John Key

Knight Grand Companion

Sir John Key says he is immensely proud of his knighthood in the Queen's Birthday honour to mark his eight years as Prime Minister of New Zealand.

But when people start calling him "Sir" it may take some getting used to.

"I suspect they'll stick with John," he said. "I'll be more than happy with that."

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Key was made a Knight Grand Companion of the New Zealand Order of Merit, a level one honour which most former New Zealand leaders have been offered.

He said Prime Minister Bill English initially texted him to tell him what the honours and appointments committee had in mind, telling him he had better take it.

The later citation prepared by officials includes mentions of Key leading New Zealand's response to the global financial crisis, a series of major disasters, Treaty of Waitangi settlements, closer relations with the United States, withdrawal of troops from Afghanistan, securing a seat on the UN Security Council - and the national cycleway project, which particularly amused Key.

"I said to Bill I've to be the only person in the world that's got a knighthood for a cycleway."

But he said the honour reflected a huge team effort including "millions of New Zealanders who through their voting patterns allowed us to be the Government.

"There are so many people what have part of the story and in my case it was an incredibly capable and talented cabinet and caucus.

"I'm immensely proud of the honour but also very cognisant of the fact that it is something you share through the deeds and actions of other people."

That included his family. Key and his wife, Lady Bronagh, told their children, Max and Stephie, about the honour last weekend and Key says they were thrilled for him.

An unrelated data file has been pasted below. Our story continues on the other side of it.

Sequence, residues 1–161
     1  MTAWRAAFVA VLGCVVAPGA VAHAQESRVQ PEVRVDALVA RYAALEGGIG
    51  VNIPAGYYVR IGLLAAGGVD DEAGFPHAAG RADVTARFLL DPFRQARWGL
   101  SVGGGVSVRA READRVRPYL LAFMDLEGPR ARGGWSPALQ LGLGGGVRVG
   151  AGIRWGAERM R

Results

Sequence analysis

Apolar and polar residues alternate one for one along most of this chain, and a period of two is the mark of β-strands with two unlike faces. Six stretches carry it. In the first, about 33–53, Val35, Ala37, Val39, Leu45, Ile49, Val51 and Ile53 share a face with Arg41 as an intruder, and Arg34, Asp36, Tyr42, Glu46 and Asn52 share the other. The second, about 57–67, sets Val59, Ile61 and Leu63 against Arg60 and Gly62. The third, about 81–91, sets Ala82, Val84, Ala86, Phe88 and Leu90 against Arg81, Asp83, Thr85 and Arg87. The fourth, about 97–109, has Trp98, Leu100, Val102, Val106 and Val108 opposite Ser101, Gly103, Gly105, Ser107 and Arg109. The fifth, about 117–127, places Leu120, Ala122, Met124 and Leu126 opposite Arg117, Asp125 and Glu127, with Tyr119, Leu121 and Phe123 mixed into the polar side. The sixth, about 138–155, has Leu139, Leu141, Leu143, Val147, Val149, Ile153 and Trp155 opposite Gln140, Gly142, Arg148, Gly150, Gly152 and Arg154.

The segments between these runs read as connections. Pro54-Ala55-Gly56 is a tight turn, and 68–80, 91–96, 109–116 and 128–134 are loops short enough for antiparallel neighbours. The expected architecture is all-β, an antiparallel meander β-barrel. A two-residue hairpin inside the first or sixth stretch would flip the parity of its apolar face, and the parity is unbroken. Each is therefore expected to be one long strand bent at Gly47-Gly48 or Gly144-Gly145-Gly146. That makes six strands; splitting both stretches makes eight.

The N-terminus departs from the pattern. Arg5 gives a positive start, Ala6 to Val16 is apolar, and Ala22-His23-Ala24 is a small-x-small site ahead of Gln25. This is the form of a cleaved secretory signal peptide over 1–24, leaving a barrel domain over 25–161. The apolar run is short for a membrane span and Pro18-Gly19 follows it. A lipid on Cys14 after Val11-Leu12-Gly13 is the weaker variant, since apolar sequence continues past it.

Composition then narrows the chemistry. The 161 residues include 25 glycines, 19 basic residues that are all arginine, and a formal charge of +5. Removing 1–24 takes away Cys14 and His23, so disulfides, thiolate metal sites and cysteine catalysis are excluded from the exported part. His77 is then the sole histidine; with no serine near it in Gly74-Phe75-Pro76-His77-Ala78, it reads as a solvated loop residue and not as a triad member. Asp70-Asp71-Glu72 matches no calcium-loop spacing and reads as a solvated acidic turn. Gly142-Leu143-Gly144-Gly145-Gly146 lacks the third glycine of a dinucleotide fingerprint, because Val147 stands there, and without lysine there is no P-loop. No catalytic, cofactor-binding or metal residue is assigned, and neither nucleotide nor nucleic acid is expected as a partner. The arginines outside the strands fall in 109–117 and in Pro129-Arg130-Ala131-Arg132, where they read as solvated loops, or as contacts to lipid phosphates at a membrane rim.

"It doesn't change anything for them but I think it is one of those things where for future generations of our family, it will always be a nice thing that was there."

He said Max was living at home at present and studying for exams. He had two months to go before finishing his degree.

I suspect they'll stick with John. I'll be more than happy with that. "

Stephie had been in Wellington working on costumes for Sir Peter Jackson's new movie, Mortal Engines, for the past eight months and was preparing to move to Los Angeles to work.

"She's been loving it. She has been a changed girl. She's up at 4.30 in the morning and going into work, a whole new world."

Key's whole family was invited by the Queen to spend a weekend at Balmoral Castle in 2013 and he is a strong supporter of New Zealand's constitutional monarchy.

But he said his reintroduction of titular honours (damehoods and knighthoods) in 2009 had nothing to do with the monarchy.

"And it wasn't because I wanted to get one, despite the rumours," he said.

It was because the abolition of them in 2000 by Helen Clark had led to a level of confusion with the public and they had not known the various levels and what they meant.

Commenting on being made a knight instead of a member of the Order of New Zealand, he said: "It's horses for courses. They are both level one honours. They are both in my mind the same."

"They offered me the knighthood because they knew I had brought them back and that would seem a natural fit.

"When I was Prime Minister and I chaired the committee, I offered Helen Clark the Order of New Zealand because having abolished damehoods, it would be insulting of me to offer her that."

I am well and truly gone.

He said would not be asking for his investiture to take place at Buckingham Palace.
He wanted it to take place in New Zealand.

Key is still adjusting to life outside of politics since resigning suddenly in December. He has been doing a lot of travel including as representative for golf-loving Japanese billionaire and philanthropist Dr Haruhisa Handa.

He and Lady Bronagh will be taking a few months holiday in Italy and Croatia soon.

He has been sorting out a few more directorships and international jobs for next year which he cant yet reveal.

He has also been doing some international speaking, including in Brisbane and Perth for PWC on the Australian Budget - "I had a bit of a clue because I'd spoken to Malcolm Turnbull on the weekend."

He enjoyed watching the New Zealand Budget from his Parnell home on May 25.
"I sat down with some popcorn and a cup of tea and watched it."

He texted Finance Minister Steven Joyce and English after it to tell them it was a great Budget "and I think it is an election-winning Budget."

He said he had offered Bill English a couple of one-liners to use in his Budget speech, but he hadn't used either.

"I'm well and truly gone."